Before heading off to North Wales last week I went to Trowbarrow quarry in Lancashire for a quick climb and poke about but haven’t had time to post about it.
This disused quarry is a geological SSSI with lots of high quality (and some crap!) climbing on offer. One of the most prominent geological features at Trowbarrow is the near vertical nature of the bedding planes. We can see this on the photo of the main wall where the routes follow cracks along the bedding. Other interesting geological features at Trowbarrow worth seeking out include; faults, folds, fossils and apparent paleo-karst.
The photo of the main wall above is actually one from a few years ago but it hasn’t changed much, except some people say that the entire right hand side of the main wall is rotating causing the cracks to widen? The climbs on the righthand side of the main wall are looking a little ‘unstable’ but I’m sure people can make their own judgements about whether to climb them…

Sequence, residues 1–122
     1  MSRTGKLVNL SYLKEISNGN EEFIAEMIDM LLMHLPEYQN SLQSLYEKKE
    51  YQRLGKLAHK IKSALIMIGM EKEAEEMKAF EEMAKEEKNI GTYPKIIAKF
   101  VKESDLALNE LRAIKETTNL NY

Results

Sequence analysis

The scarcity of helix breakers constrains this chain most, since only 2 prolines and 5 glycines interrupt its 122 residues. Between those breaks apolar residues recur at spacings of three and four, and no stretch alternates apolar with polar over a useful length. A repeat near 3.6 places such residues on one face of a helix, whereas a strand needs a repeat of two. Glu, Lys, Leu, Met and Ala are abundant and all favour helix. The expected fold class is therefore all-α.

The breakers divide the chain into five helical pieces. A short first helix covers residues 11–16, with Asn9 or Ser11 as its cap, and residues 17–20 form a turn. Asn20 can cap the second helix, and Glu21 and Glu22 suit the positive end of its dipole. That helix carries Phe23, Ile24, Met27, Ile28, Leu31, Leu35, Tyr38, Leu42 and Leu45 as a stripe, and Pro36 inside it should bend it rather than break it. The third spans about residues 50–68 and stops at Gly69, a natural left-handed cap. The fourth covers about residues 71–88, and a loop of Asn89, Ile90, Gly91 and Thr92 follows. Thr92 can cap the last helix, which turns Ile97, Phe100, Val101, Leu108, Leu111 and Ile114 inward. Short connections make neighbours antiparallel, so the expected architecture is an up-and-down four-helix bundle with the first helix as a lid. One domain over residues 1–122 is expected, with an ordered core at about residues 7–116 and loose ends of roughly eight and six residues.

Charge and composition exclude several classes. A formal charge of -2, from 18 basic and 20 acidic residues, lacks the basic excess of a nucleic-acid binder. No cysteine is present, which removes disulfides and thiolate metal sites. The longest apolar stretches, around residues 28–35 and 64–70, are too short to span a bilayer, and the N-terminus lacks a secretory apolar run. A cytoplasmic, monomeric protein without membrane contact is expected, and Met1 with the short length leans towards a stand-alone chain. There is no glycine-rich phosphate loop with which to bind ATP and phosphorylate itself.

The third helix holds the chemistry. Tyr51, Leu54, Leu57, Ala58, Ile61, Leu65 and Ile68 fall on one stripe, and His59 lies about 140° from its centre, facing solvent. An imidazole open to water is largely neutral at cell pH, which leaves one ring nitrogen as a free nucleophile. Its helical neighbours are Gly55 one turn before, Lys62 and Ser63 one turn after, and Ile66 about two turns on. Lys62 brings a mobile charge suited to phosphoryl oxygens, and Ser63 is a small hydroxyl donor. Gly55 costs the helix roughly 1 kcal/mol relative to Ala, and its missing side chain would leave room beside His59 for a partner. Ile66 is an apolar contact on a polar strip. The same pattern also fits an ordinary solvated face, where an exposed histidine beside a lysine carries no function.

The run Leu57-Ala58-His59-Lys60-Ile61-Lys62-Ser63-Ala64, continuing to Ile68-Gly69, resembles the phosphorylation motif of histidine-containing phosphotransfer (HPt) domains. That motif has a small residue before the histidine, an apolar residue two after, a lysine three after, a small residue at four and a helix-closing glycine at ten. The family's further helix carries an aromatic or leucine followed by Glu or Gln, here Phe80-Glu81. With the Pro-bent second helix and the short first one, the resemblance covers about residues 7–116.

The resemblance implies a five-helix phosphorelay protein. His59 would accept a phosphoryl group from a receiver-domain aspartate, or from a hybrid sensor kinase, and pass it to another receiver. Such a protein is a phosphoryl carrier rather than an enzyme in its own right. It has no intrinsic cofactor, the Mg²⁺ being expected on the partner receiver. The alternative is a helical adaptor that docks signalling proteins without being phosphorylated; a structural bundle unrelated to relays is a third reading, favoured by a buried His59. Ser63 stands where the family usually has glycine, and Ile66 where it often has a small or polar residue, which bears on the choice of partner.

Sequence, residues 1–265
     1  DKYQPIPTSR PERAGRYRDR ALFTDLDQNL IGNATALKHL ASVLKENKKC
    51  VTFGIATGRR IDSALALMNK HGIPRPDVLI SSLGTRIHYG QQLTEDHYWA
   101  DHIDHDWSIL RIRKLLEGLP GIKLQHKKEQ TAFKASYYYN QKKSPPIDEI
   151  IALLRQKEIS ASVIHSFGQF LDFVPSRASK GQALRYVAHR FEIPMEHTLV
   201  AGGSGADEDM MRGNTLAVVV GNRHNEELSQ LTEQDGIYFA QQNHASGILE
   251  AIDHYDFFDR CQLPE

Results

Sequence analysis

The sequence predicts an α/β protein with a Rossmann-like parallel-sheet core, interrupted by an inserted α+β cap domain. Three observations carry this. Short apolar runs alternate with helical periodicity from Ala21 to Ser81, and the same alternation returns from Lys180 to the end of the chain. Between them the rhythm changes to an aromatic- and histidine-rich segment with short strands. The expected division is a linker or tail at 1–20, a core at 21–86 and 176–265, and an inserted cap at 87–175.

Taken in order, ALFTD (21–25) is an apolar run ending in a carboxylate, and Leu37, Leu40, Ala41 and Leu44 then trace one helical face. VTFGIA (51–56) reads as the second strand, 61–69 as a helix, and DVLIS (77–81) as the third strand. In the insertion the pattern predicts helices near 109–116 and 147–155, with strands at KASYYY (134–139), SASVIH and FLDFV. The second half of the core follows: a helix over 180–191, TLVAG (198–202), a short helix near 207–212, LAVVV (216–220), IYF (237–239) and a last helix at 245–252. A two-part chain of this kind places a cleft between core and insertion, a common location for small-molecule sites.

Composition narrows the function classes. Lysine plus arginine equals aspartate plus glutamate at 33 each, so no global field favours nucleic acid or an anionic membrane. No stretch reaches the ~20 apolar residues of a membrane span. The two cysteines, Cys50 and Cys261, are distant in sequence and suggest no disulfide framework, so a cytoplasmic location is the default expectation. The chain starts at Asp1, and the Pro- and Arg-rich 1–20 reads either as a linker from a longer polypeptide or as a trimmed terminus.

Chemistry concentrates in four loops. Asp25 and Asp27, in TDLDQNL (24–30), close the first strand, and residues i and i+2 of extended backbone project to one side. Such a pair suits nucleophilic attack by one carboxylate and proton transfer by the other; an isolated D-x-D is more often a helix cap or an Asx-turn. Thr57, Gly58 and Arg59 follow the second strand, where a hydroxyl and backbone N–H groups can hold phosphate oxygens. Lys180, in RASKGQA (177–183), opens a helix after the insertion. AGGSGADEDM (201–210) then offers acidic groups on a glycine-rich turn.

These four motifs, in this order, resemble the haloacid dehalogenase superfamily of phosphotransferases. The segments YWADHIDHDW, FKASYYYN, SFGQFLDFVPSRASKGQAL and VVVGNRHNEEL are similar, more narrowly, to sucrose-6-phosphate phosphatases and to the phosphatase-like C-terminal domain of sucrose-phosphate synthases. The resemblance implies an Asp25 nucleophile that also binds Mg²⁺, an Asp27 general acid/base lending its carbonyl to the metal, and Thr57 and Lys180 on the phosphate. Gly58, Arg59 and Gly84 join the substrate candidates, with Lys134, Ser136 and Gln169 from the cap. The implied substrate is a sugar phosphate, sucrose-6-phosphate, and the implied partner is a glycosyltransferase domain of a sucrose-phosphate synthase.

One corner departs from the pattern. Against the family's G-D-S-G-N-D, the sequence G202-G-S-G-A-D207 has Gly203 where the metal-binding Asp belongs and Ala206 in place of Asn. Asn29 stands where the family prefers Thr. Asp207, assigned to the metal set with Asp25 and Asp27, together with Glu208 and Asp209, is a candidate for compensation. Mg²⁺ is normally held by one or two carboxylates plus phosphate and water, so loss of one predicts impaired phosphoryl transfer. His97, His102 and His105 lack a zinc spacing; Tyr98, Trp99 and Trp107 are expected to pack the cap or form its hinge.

Like many of the climbs at Trowbarrow Coral Sea (photo above) follows the bedding plane, and as the name would suggest numerous fossils are observable all the way up.
Another feature at Trowbarrow is Fluting. This is a common feature on limestone and is caused by differential weathering and erosion. It can be observed at Trowbarrow at the top of Assagai wall, where it forms the spectacular finish to Assagai (good sling runner in the flutes!).
In terms of the climbing the obvious mid grade classics Jean Jeanie(VS 4c), Coral Sea (VS 4c) and Assagai (HVS 5a) are certainly worth a look. Polish can be a bit of a problem at Trowbarrow (especially on Jean Jeanie!) but generally the climbing is really good quality!